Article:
On the other hand, under pressure from regulatory authorities to reduce lending rates and bank charges for conventional banking products, banks are also vigorously pursuing opportunities in mobile money in order to reach out to the unbanked market where they can drive transaction volumes.
Realising that they cannot compete head-to-head with, for instance EcoCash due to its unparalleled market infrastructure and immense financial backing, banks would now want to enlist the services of the regulators in order to “level the playing field”, never mind that EcoCash and its peer products are playing in a space where some banks have not done anything to serve anyway.
Resultantly — and regrettably — mobile money services may evolve into a regulatory bone of contention instead of fulfilling its immense potential as a platform for bank-telecoms co-operation as it was meant to be.
Outside these turf wars, what’s the rationale for mobile money regulation? The African Development Bank (AfDB) argues that operating in a banking-beyond-branch (BBB) environment — as has become the case for most mobile banking products — would require appropriate regulatory frameworks which presently do not exist in many African countries, including Zimbabwe as publicly acknowledged by the DPC.
The AfDB — which acknowledges that innovation not only fosters competition, but also challenges regulation — contends that the legal acts on regulation of banking and payment systems already available in most African countries are insufficient in that they don’t:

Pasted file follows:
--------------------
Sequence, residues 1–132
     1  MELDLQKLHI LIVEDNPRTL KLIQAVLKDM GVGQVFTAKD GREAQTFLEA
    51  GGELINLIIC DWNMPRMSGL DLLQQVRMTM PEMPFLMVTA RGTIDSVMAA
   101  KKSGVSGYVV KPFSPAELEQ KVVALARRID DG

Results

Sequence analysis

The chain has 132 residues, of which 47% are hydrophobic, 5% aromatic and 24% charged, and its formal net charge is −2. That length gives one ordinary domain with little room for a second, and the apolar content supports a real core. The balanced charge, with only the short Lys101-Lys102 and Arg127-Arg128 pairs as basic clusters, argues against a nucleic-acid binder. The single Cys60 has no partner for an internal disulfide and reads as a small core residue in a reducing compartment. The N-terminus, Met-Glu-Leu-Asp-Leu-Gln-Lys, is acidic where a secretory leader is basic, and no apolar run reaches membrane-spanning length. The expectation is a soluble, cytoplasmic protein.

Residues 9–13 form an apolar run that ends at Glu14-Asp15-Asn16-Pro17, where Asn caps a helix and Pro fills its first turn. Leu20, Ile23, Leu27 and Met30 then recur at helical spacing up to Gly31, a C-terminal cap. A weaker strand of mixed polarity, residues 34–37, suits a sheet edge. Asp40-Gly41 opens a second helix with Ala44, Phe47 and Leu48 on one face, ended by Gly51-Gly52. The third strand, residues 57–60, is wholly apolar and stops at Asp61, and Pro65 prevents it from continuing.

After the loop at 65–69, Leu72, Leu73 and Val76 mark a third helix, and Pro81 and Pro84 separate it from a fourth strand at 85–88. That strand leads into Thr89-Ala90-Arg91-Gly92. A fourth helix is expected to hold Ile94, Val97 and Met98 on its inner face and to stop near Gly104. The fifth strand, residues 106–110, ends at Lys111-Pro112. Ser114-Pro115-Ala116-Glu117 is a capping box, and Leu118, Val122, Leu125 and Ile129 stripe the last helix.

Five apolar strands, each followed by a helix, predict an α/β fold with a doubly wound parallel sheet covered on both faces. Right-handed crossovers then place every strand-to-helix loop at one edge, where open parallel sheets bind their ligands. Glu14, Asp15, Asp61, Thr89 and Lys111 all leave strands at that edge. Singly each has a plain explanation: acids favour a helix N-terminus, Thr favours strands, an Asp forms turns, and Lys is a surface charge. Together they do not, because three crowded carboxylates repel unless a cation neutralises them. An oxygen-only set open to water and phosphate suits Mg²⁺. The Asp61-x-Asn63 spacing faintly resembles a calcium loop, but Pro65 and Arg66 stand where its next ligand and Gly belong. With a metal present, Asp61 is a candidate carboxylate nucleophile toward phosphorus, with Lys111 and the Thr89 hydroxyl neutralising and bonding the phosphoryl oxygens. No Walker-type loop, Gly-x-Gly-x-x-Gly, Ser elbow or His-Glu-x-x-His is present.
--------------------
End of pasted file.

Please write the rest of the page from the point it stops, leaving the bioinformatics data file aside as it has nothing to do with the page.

Define the conditions under which non-bank third-party agents can conduct cash transactions on behalf of mobile financial service (MFS) providers
Define reduced know your customer (KYC) requirements to avoid burdensome procedures for low value accounts and small transactions, given the low level of money-laundering-related risk; and don’t
Define e-money, protect the funds deposited in e-money accounts and adapt legal account features such as KYC ceiling for account balances and nature of transactions.
Another imperative is that without proper regulation, it is feared that mobile money could have adverse inflationary implications.
In Kenya for instance, M-PESA was identified as a contributing factor to the country’s high inflation outlook. In a report, the AfDB said there was “evidence that the transactional velocity of M-PESA may be three to four times higher than the transactional velocity of other components of money”.
The bank argues that equipped with an easier way to transfer and spend money, Kenyans are indeed spending more. This, the bank contends, has increased demand for goods and services across the board in Kenya, which in turn inflates price levels.
Omen N Muza writes in his personal capacity. He is a banker and managing director of TFC Capital (Zimbabwe) (Pvt) Ltd, a Harare-based financial advisory, research and training company with interests in banking, technology and agriculture as well as the convergence area among them.